Therefore, new interfascial plane blocks guided by ultrasound (US) such as pectoral nerve (PECS) block types 1 and 2 and serratus anterior plane block (SAPB) have been reported as alternatives, with the advantages of simplicity and ease of performance [10],[11],[12]. SAPB was initially described by Blanco to provide complete analgesia of the lateral part of the thorax through blockade of lateral cutaneous branches of the thoracic intercostal nerves [10]. The aim of this study was to evaluate the analgesic efficacy and safety of SAPB in comparison with TPVB for postmastectomy pain.

  Patients and methods Top

After the approval of the institutional ethics committee of Benha University Hospital, this prospective, single-blinded randomized study was conducted on 60 female patients between the age of 30 and 60 years, with cancer breast, American Society of Anesthesia (ASA) I and II, undergoing unilateral mastectomy operation. Refusal to participate, morbid obesity (BMI >40 kg/m2), renal insufficiency (creatinine >1.5 mg/dl), current chronic analgesic therapy (daily use >4 weeks), diabetes mellitus with polyneuritis, generalized or local infection, chronic pain in the anterolateral region of the chest or axilla, inability to communicate with the medical staff and ASA physical status III and IV were excluded.

The participants were allocated into two groups of 30 in each by a random sequence number generated by the computer kept in sealed envelopes. Group I had received US-guided TPVB and group II had received US-guided SAPB. Both blocks were given before recovery from general anesthesia.

Preanesthetic investigations were fulfilled in all patients, 1 h before the surgery. Intravenous access was established and all patients were premedicated with midazolam 0.02 mg/kg, and ranitidine 50 mg intravenously. In the operating room standard monitoring devices such as ECG, noninvasive blood pressure, and pulse oximetry were placed. A conventional balanced general anesthesia was administered. The induction protocol was standard for all patients and consisted of intravenous administration of propofol 2.5 mg/kg, cisatracurium besilate 0.15–0.2 mg/kg, and fentanyl 1–2 µg/kg. Anesthesia was maintained with oxygen 100%, isoflurane and supplements of cisatracurium. Volume-controlled ventilation (tidal volume: 8–10 ml/kg) was adjusted to maintain end-tidal carbon dioxide between 35 and 40 mmHg. At the end of the surgery and before recovery from general anesthesia, the regional block technique was performed.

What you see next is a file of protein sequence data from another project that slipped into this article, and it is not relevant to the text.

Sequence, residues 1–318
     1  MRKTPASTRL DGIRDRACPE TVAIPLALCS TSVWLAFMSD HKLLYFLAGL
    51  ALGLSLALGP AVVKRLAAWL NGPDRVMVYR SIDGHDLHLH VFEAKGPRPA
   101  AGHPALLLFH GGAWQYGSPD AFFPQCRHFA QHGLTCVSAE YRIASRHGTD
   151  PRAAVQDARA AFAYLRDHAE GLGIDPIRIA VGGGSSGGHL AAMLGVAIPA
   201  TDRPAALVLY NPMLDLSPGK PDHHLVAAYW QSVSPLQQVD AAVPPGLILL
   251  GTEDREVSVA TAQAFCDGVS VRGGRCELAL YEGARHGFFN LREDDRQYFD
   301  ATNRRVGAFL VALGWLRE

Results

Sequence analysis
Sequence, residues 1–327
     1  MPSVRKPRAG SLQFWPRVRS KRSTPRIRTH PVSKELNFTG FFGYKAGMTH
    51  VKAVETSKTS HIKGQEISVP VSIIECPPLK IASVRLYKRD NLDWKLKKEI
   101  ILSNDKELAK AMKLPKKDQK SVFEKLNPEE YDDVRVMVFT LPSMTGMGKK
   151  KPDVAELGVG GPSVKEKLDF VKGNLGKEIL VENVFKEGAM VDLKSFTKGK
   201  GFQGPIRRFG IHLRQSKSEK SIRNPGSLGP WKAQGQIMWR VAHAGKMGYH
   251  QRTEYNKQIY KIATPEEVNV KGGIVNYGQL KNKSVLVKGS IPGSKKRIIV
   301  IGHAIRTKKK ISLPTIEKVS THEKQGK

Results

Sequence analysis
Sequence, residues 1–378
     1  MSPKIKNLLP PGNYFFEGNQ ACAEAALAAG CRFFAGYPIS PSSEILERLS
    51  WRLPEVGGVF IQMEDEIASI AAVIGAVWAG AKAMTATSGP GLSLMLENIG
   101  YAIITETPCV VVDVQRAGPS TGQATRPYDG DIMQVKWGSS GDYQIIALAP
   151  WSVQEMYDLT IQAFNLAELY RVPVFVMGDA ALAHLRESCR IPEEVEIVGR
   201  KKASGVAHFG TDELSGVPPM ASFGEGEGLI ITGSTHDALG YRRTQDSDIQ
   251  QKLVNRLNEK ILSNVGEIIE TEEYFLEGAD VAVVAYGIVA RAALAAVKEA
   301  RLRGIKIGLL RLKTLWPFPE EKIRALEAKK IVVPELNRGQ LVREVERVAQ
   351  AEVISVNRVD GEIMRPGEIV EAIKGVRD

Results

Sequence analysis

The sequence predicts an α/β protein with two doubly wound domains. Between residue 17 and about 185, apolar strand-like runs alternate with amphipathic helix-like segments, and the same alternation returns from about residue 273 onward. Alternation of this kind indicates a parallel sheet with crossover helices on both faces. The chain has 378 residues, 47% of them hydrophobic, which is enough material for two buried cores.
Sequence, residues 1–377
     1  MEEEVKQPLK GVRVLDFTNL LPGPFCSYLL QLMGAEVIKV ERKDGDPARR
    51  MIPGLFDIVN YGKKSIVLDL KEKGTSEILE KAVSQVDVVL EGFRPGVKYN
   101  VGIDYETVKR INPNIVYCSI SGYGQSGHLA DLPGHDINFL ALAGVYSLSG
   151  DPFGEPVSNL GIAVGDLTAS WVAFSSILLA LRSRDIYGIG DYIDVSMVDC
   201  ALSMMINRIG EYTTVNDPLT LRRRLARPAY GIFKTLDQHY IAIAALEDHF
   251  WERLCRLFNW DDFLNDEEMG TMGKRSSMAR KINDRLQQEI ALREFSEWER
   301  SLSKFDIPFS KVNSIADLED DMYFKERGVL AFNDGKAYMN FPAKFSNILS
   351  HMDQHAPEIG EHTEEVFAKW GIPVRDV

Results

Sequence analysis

Group I (TPVB): patients were placed on lateral decubitus position with the side that had been operated upward, and skin preparation and sterile draping applied. Target paravertebral space was located using US (GE Logiq P5) with a linear transducer (11 MHz). The paravertebral space between the third and fourth thoracic vertebrae was identified by counting down from the seventh cervical spine. In a paramedian view ∼3 cm lateral to the midline on the side of the surgery, both transverse processes were visualized, with the superior costotransverse ligament and the pleura visible in between ([Figure 1]). An 18 G, Tuohy-tip needle was inserted through the skin in-plane beneath the US transducer until it pierced the superior costotransverse ligament. If the ligament was not easily seen, the needle was advanced until it was directly above the pleura. Normal saline (2–3 ml) was injected to help identify the paravertebral space and observe the pleura being displaced anteriorly. A dose of 15–20 ml of 0.25% bupivacaine with 5 µg/ml epinephrine was slowly injected with gentle aspiration every 3 ml to rule out intravascular or intrathoracic needle tip placement.
Figure 1 Ultrasound visualization for the parasagittal approach to the paravertebral space (PVS). PVS is located superficial to the parietal pleura (PP) and deep into the costotransverse ligament (CTL). Transverse processes (TP) are also visualized.